Three Reasons Lay Witness Testimony Can Be Important To Your Ocala Social Security Disability Claim

Posted on May 1, 2012 by cjblog

The significance of lay witness testimony to your Ocala Social Security disability case has been recognized by the Social Security Administration and also the courts. The Social Security Administration regulations acknowledge that observations by non-medical sources may help the Social Security Administration understand how a medical impairment affects a claimant’s ability to work. In fact, the Social Security Administration’s definition of “evidence” includes testimony and statements made by lay witnesses about a claimant’s restrictions, daily activities, efforts to work, and other issues.  Here are three important issues that lay witnesses can testify about.

  • Your Residual Functional Capacity

In determining whether you are disabled, the Social Security Administration determines your residual functional capacity (RFC), which is a measure of how much exertion you are capable of despite your impairment.  In making this assessment, the Social Security Administration is required to consider descriptions and observations of your limitations provided by your family, neighbors, friends, or other persons.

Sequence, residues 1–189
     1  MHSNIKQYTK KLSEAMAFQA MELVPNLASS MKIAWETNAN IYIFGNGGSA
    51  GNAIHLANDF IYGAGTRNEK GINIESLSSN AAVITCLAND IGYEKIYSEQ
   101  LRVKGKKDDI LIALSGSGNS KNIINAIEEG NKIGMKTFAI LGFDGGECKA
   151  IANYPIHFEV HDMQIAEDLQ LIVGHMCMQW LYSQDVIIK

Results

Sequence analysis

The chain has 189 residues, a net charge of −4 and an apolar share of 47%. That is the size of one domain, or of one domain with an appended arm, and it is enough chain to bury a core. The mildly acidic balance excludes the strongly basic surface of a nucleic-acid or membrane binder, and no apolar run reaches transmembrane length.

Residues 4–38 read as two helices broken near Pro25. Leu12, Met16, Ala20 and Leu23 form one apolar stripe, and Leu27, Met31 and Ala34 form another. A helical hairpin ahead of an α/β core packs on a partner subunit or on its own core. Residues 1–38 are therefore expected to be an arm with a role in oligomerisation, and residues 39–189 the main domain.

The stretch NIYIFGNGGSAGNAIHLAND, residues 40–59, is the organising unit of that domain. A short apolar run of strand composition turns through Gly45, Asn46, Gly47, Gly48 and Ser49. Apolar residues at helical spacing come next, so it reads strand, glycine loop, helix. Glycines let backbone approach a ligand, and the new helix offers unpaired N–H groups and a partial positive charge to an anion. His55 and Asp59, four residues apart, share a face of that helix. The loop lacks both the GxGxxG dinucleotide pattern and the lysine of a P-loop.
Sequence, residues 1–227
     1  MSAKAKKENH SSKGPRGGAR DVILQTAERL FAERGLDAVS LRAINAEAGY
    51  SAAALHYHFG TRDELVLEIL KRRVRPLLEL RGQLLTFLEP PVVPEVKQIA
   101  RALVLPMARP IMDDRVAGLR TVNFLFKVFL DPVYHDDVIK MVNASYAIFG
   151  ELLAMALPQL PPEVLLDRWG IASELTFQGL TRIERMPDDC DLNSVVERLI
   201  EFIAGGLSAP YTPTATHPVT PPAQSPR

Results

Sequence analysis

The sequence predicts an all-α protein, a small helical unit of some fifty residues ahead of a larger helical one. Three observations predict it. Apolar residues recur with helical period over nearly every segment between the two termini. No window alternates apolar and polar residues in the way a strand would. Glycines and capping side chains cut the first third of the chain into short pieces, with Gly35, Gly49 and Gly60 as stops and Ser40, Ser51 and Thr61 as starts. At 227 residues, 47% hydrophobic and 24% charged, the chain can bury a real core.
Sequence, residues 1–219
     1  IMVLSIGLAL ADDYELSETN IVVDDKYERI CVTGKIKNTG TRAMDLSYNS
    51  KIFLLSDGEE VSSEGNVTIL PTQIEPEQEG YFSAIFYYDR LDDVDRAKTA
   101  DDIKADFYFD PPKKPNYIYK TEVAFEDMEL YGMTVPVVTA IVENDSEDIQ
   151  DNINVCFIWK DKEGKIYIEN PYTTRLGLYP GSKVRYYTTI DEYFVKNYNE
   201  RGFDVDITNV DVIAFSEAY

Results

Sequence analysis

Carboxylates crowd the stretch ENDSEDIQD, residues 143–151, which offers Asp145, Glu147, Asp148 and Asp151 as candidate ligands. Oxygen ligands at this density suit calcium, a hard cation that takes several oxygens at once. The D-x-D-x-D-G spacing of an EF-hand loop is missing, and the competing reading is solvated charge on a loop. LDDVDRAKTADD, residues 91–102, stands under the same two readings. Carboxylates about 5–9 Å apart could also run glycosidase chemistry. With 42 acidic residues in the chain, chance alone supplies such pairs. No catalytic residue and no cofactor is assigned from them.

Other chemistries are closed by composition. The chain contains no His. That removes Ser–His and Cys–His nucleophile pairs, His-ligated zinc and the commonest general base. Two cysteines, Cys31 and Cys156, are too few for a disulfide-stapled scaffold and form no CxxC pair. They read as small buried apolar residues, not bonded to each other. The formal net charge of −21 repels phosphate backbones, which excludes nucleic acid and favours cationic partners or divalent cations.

• The Onset Date of Your Disability

In some disability cases, there is no medical evidence to establish the date on which the claimant first became disabled because he or she delayed seeking medical treatment or the medical records are unavailable.  In these situations, your Ocala Social Security disability attorney can present testimony by family members, friends or former co-workers regarding the onset date of the disability.

To prove you are disabled, you may have to present evidence that you are incapable of performing your past relevant work—generally any job you had within the past 15 years for longer than 30 days.  The Social Security Administration regulations provide that your employer or other person who knows about your work, such as a member of your family or a co-worker, can testify about what the job involved and his or her observations of how you were unable to do it.

For an evaluation of your case and whether lay testimony can help you succeed in obtaining benefits, contact dedicated Ocala Social Security disability lawyer Claudeth J. Henry.  The consultation is free.

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